“Managed chaos”. Brilliant. That’s Washington’s foreign policy in a nutshell. That’s why there’s been no effort to create strong, stable, secular governments that can provide security for their people in any of the countries the US has destroyed in the last 16 years, because this long string of failed states that now stretches from North Africa, through the Middle East and into Central Asia (The ‘arc of instability’) create a permanent justification for US military intervention as well as strategic access to vital resources.

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Update:

Here is US Congressman Thomas Massie challenging the official narrative on CNN to the undisguised chagrin of the anchor:

Click here to listen to former CIA officer and Director of the Council for the National Interest, Philip Giraldi, interviewed on Scott Horton show on April 6th.

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There is also Professor Theodore Postol’s analysis of the hastily drafted White House Intelligence Report, released on April 11th: “A Quick Turnaround Assessment of the White House Intelligence Report Issued on April 11, 2017 About the Nerve Agent Attack in Khan Shaykhun, Syria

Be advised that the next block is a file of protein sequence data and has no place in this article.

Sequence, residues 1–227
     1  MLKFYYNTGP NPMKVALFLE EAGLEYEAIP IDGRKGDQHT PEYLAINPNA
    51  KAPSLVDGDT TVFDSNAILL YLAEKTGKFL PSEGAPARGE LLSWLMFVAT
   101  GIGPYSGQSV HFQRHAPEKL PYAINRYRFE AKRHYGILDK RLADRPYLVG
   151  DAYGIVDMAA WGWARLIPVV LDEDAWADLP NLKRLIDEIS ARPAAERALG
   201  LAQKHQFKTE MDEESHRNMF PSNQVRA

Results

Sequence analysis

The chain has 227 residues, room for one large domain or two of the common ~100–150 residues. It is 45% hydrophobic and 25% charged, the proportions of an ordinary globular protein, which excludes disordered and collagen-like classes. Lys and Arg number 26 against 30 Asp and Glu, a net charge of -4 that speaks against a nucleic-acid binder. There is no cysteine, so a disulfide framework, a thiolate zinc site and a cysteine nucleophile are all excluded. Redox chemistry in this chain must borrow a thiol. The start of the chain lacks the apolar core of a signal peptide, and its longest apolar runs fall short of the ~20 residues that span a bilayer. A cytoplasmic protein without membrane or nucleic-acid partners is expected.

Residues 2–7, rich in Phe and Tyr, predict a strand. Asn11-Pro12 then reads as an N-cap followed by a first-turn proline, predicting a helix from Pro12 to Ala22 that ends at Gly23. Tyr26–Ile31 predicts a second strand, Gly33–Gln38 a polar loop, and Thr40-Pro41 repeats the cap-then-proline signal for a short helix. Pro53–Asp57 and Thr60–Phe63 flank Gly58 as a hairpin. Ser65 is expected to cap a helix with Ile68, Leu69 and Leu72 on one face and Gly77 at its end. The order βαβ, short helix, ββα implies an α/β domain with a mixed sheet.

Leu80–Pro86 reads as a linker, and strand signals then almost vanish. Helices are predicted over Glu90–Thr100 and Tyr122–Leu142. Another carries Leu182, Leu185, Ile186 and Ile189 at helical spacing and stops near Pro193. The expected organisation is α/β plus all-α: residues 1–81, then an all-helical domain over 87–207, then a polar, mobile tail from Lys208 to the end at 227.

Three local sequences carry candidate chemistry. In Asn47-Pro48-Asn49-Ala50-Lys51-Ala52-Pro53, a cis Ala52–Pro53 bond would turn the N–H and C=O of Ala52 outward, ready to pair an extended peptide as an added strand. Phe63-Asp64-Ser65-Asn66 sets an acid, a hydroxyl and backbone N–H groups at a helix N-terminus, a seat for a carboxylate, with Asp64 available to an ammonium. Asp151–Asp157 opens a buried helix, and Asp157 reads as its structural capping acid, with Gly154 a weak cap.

The reports concludes:

The White House report at that time also contained other critical and important errors that might properly be described as amateurish. For example, the report claimed that the locations of the launch and impact of points of the artillery rockets were observed by US satellites. This claim was absolutely false and any competent intelligence analyst would have known that. The rockets could be seen from the Space-Based Infrared Satellite (SBIRS) but the satellite could absolutely not see the impact locations because the impact locations were not accompanied by explosions. These errors were clear indicators that the White House intelligence report had in part been fabricated and had not been vetted by competent intelligence experts.